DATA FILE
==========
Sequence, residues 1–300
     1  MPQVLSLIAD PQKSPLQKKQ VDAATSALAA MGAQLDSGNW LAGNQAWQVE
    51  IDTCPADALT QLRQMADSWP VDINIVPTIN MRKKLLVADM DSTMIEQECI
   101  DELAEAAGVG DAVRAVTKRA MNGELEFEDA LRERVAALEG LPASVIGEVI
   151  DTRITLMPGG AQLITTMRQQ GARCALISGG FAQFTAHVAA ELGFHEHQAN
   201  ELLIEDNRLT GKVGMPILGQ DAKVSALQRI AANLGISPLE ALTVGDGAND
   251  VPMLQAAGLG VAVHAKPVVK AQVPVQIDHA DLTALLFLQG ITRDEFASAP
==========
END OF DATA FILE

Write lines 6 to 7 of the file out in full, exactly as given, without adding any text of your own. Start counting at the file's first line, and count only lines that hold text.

   201  ELLIEDNRLT GKVGMPILGQ DAKVSALQRI AANLGISPLE ALTVGDGAND
   251  VPMLQAAGLG VAVHAKPVVK AQVPVQIDHA DLTALLFLQG ITRDEFASAP